My description might sound a little dramatic but that is how it was. The hotel is very centrally located and close to markets and the Coliseum shopping center.We were booked into a 5 bed room on the ground floor. The room is very basic with a TV and small bathroom. It was a little run-down but clean.
There were two ladies at the reception and one of them was not friendly. I returned later to enquire about the Wi-Fi, which turned out not be free, and she basically shrugged her shoulders when myself and another customer asked about the charges. It cost 100 Baht to activate the Wi-Fi for 1 day. I have read a review where people said that Wi-Fi was for free and they must have changed it. The other customer complained about this and was not happy as generally Wi-Fi in Thailand is for free.
Personally I think that the people who we have dealt with in Surat Thani were the most un-friendly people that I have encountered during my trip to Thailand. It is really sad because Thailand is known for their customer service and friendly people.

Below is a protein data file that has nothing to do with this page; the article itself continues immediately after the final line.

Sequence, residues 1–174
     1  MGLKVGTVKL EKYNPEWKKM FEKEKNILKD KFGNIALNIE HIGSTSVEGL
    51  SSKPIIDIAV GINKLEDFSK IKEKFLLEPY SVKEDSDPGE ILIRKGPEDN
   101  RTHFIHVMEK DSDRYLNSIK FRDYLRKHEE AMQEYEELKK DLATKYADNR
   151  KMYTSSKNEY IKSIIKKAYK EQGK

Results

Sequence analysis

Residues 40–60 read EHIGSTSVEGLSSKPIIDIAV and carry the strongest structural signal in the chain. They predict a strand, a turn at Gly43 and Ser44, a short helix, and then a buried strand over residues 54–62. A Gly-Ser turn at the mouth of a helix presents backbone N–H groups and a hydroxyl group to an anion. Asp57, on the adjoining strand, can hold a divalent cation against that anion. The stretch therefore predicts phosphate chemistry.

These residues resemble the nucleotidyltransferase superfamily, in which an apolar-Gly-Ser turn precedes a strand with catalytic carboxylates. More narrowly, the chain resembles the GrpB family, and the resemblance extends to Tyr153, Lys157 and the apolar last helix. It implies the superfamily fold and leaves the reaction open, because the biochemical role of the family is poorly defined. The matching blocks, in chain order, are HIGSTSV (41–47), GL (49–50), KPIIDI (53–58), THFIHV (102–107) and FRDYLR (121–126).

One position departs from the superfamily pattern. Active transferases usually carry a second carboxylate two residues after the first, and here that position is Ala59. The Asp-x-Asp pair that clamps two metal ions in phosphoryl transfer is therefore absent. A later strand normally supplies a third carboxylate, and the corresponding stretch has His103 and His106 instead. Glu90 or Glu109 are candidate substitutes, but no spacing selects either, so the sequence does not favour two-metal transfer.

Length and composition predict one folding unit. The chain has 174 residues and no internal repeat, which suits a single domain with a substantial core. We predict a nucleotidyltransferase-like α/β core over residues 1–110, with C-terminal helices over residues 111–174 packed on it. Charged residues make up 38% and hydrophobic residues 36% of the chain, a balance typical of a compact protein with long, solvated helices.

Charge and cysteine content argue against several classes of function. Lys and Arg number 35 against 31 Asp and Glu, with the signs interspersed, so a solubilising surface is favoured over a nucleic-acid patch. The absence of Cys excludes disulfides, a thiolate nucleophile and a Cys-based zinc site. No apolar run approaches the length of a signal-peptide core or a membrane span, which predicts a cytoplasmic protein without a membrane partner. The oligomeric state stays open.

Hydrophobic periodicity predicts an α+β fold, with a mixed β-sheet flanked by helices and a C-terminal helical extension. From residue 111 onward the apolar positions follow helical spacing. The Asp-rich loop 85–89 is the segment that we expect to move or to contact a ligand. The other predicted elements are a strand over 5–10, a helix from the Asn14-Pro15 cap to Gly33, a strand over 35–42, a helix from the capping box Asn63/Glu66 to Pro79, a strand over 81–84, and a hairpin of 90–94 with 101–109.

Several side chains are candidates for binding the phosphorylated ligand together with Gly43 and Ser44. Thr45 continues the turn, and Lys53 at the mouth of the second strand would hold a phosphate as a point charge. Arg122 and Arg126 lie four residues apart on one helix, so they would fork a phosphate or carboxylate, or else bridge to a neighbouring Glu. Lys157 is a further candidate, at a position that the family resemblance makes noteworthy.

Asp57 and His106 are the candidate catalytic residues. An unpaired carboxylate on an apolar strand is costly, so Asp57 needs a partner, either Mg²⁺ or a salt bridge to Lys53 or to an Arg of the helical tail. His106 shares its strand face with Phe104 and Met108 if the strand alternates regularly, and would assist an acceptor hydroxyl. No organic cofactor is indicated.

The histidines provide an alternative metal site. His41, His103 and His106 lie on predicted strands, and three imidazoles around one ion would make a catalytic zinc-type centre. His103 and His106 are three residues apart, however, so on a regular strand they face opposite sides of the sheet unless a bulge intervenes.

Breakfast is not included in the price. It is very basic accommodation for a reasonable price. It is perfect for 1 or 2 nights but in my opinion it doesn`t qualify as an International Hotel as they claim.
Address: 191-199 Metkasem Rd., Amphur Muang, Surat Thani 84000, Thailand
When: 13 March 2013
Are you flying from Heathrow Airport? You may want to consider staying at the Sofitel Hotel, which is the preferred residence of the Queen, according to concierge Nico Di Giovanni.
The Sofitel Heathrow with parking has a futurist and contemporary design. With the spectacular views over London, comfortable beds, and French inspired restaurants, you’ll feel as though you’re on vacation even before you embark on your flight.